AS: What’s your working process like when you bring your songs to Mitchell to produce?
VS: We have a very intense working process, where I brace myself. Because he has very strong opinions and I highly respect them, but sometimes they can be a little bit jarring or not what I was expecting. Most of the time though, I have to say it’s like lifting a veil over some hidden gem when he arranges or rearranges the music. He literally will come up with some chord, some bass note change, and the whole thing falls together in my mind. So it’s an amazing gift to work with him.
AS: Several songs on the album were inspired by your son. Was it a case of it being easier to express your feelings in a song rather than saying them directly?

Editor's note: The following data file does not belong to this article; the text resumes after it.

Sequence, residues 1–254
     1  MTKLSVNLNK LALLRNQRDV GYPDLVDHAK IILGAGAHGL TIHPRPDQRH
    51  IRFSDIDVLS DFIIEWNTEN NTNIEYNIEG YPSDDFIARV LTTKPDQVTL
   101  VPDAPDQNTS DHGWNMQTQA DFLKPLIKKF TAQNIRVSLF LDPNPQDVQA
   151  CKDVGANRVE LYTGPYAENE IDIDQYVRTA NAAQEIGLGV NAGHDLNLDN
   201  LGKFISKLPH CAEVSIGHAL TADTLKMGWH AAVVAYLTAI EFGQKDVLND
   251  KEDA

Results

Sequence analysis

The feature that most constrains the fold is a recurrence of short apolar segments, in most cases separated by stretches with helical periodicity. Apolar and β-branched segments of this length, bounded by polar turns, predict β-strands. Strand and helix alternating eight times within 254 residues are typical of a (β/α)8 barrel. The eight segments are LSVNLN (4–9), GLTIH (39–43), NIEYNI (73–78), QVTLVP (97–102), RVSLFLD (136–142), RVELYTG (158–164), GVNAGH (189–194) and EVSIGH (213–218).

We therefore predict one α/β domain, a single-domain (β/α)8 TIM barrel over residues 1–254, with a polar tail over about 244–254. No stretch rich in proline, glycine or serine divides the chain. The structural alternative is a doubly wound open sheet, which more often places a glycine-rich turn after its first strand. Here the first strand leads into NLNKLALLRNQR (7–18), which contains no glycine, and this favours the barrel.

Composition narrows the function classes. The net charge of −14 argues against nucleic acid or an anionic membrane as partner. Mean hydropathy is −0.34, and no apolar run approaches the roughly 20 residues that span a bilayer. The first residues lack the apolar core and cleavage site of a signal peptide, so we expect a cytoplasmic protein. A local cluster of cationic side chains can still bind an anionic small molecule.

VS: You nailed it (laughs). I’m not allowed to say a lot of these things anymore. When you have a 16-year-old, you’re not really allowed to talk at all (laughs). And he doesn’t know the songs are about him, he doesn’t know I wrote them. When he’s older, he’ll figure it out. It’s not me trying to communicate with him. It’s me trying to get something off my mind and express the pain, the frustration, the joy, all of those things I feel like I kind of captured in “Made Of Rain” or “Haven’t Gone Astray” or “Shine Your Light.”
AS: Some of these songs have a distinct gospel feel to them, such as “Disappear.” Is that a natural direction for you to go when you’re at the piano?